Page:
An experiment in Minnesota is the first to bolster a long-contested claim that detectors a continent away have found evidence of particles called WIMPs.
WIMPs are theorized particles considered to be leading candidates for dark matter, invisible material believed to make up more than 80 percent of the matter in the universe. In the Minnesota experiment, called COGENT, a hockey puck–sized chunk of germanium deep in a former iron mine attempts to record rare collisions with WIMPS.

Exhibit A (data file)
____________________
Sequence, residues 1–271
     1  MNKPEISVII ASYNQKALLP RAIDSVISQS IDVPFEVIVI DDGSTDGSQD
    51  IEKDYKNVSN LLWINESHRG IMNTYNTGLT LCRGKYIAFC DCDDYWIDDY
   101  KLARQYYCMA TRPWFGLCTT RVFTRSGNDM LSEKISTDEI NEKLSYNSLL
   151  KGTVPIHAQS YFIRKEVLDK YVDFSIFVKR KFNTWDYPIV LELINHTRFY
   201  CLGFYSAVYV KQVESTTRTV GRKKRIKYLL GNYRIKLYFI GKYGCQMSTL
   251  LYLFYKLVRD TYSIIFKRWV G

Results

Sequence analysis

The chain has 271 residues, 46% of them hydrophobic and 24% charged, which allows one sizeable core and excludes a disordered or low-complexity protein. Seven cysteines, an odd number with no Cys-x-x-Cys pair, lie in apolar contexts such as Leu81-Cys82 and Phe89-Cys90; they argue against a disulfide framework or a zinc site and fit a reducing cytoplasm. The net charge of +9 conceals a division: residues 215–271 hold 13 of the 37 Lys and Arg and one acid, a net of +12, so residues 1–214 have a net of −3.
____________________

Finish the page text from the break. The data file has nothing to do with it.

In 15 months’ worth of data, COGENT researchers detected a seasonal variation in the collision rate — higher in summer and lower in winter — similar to that seen for 13 years by a larger experiment, using different detectors, in Italy. Researchers with that experiment, DAMA/LIBRA, have attributed the results to the Earth’s motion through a cloud of WIMPs (for weakly interacting massive particles) (SN: 5/10/08, p. 12). But many physicists have doubted that interpretation because, until now, no other experiment had found similar results.